Whenever there is a perceived or real threat, we experience a sea of emotions like fear, anger, and stress. With more than 400,000 deaths across the world, COVID-19 is no more a threat, but a harsh reality. As several countries have implemented various measures to restrict free movement; schools, daycare centers, offices, shops, and places of worship are closed. Yes, there are now measures to re-ignite the economy, but there is no ray of hope.
Millions of people have lost their livelihoods, and social distancing has become a norm. The new reality that they have to work from home, take care of children and seniors, need to ensure home-schooling, and a lot more is leading to tremendous stress. The constant worry that they may soon get infected if they accidentally come in close contact with a person having an infection is leading to sleepless nights.
Those with mental health conditions are finding the present scenario unbearable. There is an unprecedented rise in suicide cases during the quarantine period in many nations. Out of fear, people are embracing death. Even, healthcare professionals who are now forced to work round the clock without any rest are experiencing a lot of stress.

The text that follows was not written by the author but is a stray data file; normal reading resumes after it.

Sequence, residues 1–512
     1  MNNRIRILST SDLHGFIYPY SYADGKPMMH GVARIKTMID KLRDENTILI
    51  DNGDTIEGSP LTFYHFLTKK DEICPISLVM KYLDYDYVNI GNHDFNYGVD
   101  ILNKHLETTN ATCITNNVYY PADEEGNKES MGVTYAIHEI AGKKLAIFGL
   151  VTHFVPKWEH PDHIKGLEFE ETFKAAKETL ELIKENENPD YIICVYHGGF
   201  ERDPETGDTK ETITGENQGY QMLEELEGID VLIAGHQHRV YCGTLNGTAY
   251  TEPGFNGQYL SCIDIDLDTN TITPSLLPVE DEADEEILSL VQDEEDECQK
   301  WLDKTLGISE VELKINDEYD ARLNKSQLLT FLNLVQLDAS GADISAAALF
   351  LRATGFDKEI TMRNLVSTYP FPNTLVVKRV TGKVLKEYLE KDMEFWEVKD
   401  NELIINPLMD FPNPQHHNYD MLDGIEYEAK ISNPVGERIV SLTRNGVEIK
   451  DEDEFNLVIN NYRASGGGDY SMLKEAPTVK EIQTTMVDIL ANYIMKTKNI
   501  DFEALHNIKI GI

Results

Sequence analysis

So, indeed there exists a complex relationship between COVID-19 and mental health, but there are ways to reduce the negative impact of the same on mental health. Let’s have a look.
- Minimize the reading or watching time to COVID-19 related news. It is best to seek an information update only once or twice a day and that too from a trusted source of information. The continuous bombardment of negative news will make you more anxious and fearful.
- Do not pay heed to rumors over social media. It is better to get facts from WHO or local health authorities to avoid unnecessary stress.
- Be supportive and call your relatives, friends, or colleagues to enquire about their health. There may be people in your community who need some kind of assistance.
- Amplify hopeful stories of the successful recovery of people from the COVID-19 disease. Try to post and share positive stories of people helping each other in these tough times.
- If you are a caregiver of a person with COVID-19, maybe you are experiencing avoidance by your own family members, which is a challenging situation. So, turn to your friends or trusted people for social support.
- Try to keep a regular routine and stay calm. If you have kids, help them in finding ways to express their feelings. With all educational institutions closed, kids are also experiencing isolation like never before.
Fortunately, you can do a lot of things to avoid getting affected by the present scenario. If still, you think that you are feeling overwhelmed by the caregiving duties or the pandemic is taking a toll on your mental health, don’t hesitate to go for a caregiver coaching from an experienced caregiver.